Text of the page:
Structure and dynamics of actin network at the leading edge of migrating cells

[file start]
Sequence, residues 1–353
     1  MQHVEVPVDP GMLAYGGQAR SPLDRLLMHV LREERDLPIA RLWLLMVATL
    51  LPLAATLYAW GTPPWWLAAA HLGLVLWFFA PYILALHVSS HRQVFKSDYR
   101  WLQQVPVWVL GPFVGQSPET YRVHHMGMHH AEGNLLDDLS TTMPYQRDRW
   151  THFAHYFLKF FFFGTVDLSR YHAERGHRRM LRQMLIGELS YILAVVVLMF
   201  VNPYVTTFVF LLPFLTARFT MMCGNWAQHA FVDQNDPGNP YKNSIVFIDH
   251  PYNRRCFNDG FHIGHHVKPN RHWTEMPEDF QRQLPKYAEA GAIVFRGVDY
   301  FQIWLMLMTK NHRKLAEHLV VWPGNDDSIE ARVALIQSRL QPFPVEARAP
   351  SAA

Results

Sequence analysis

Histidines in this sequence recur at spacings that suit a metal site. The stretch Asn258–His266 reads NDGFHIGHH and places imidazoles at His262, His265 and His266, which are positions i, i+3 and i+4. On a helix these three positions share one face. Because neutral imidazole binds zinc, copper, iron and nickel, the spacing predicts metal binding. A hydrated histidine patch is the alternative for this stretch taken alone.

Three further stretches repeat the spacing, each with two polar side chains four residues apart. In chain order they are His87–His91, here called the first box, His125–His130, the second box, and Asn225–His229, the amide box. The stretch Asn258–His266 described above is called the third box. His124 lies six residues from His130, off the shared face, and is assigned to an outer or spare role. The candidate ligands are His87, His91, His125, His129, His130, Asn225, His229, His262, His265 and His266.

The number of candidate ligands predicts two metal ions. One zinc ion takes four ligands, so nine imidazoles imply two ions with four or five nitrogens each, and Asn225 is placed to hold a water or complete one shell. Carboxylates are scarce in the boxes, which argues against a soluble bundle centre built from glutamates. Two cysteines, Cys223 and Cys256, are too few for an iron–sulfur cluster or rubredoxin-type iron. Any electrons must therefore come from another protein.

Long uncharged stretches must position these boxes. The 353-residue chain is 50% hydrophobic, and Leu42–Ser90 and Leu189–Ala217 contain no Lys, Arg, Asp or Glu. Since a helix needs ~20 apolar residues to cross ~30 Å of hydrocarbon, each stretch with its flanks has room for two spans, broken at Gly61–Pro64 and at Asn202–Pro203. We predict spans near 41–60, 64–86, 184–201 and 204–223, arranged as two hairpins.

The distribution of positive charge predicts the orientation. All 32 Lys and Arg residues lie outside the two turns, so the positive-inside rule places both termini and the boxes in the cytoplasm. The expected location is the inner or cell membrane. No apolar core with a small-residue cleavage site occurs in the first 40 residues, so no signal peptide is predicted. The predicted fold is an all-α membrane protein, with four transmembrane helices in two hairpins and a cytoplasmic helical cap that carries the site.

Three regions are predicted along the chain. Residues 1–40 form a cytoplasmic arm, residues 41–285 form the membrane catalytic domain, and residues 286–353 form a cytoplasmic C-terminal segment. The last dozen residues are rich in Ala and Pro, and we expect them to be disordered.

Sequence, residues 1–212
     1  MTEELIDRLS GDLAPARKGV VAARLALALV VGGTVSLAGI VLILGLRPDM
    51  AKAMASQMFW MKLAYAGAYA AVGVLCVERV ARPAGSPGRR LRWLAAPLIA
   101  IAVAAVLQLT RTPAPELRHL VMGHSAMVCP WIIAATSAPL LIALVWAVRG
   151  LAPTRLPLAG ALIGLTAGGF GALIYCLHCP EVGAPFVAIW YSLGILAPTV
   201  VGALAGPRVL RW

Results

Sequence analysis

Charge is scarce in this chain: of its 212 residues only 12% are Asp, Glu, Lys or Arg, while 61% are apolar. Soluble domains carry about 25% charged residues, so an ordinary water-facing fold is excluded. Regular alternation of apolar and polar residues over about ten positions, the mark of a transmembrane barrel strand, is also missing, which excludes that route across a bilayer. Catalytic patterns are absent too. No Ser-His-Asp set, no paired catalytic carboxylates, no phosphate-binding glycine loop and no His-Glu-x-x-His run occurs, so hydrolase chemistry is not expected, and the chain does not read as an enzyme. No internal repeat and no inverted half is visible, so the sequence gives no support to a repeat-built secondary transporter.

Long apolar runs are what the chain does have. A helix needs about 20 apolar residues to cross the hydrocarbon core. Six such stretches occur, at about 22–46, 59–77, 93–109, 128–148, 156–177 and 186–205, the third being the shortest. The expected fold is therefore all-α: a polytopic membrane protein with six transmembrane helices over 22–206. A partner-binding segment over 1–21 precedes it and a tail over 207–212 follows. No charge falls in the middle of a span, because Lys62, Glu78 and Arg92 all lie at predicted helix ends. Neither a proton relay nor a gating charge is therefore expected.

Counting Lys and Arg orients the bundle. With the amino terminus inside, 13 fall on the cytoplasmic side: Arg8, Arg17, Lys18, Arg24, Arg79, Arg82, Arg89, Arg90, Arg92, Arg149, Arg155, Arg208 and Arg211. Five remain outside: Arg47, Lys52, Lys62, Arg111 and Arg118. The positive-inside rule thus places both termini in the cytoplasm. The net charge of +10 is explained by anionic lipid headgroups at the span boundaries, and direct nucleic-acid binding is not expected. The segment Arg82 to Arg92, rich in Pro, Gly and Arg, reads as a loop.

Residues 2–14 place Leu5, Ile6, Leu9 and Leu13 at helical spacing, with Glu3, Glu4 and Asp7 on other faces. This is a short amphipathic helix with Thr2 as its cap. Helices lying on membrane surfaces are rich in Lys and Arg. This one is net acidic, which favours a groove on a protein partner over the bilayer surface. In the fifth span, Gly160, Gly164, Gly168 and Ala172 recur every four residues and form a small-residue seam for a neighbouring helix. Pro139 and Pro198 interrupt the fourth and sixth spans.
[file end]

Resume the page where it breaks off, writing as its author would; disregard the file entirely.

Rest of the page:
Crawling motion is characteristic of most animal cells and is principally based on actin-myosin II cytoskeletal system. The major components and reactions contributing to motility have been identified, but the overall picture of how these molecular events are orchestrated to result in the motion of the cell is still missing. We used a combination of experimental imaging, image analysis, and numerical modeling to analyze at a quantitative level how the elements of the actin-myosin machinery are coordinated in several important aspects of the crawling motion: the assembly of the characteristic pattern of actin network in the leading lamellipodium, the interaction between retrograde flow of the actin network and substrate adhesions, and the coordination of motion and assembly of actin and myosin II polymers over the entire cell during steady-state migration. First, we used enhanced phase contrast microscopy correlated with fluorescence and electron microscopy to investigate the supra-filament organization of actin in the lamellipodium of motile fish epidermal keratocytes. We showed a close correspondence between individual filament orientations and optical criss-cross network pattern by quantifying the orientational distribution of features in electron microscopy and optical microscopy images. We tested the hypothesis that the criss-cross pattern observed by optical microscopy results from variation of actin density, which is due to stochastic events of branching and capping of filaments. Based on this hypothesis, we produced simulated images of lamellipodium similar to experimental images. These simulations provided quantitative tools to estimate structural and dynamical parameters of the actin network in lamellipodia, notably the filament length, the actin concentration, the curvature of filaments and capping rate. Protrusion at the edge of the cell is coupled to the substrate adhesion, but at the same time is associated with the retrograde flow of the actin network away from the edge. We observed that focal adhesions were mostly localized at the boundary between the fast retrograde flow zone (the lamellipodium) and the slower flow zone (the lamellum). We analyzed simultaneously the actin flow and the formation of focal adhesion. Based on these results, we proposed a multi-stage model for the advance of the leading edge of migrating cell: advance of the lamellipodium is followed by the formation of the nascent adhesion complexes, which results in the reduction of the flow rate, advance of the lamellum, and then protrusion of the lamellipodium from a new base. We finally focused on the dynamics of the acto-myosin system in entire migrating cell. For this purpose, we developed a tracking program which allowed quantifying motion, contraction and assembly of cytoskeletal components. We measured the dynamics of actin, myosin II and their relative motion in migrating fish keratocytes. These results supported the dynamic network contraction model suggesting that the actin network deformed by myosin II drives the translocation of cell body. Focusing on the different aspects of the crawling motion, and balancing experimental and theoretical approaches, we obtained original results, which contributed to a better understanding of the dynamics of the lamellipodium and crawling motion in general.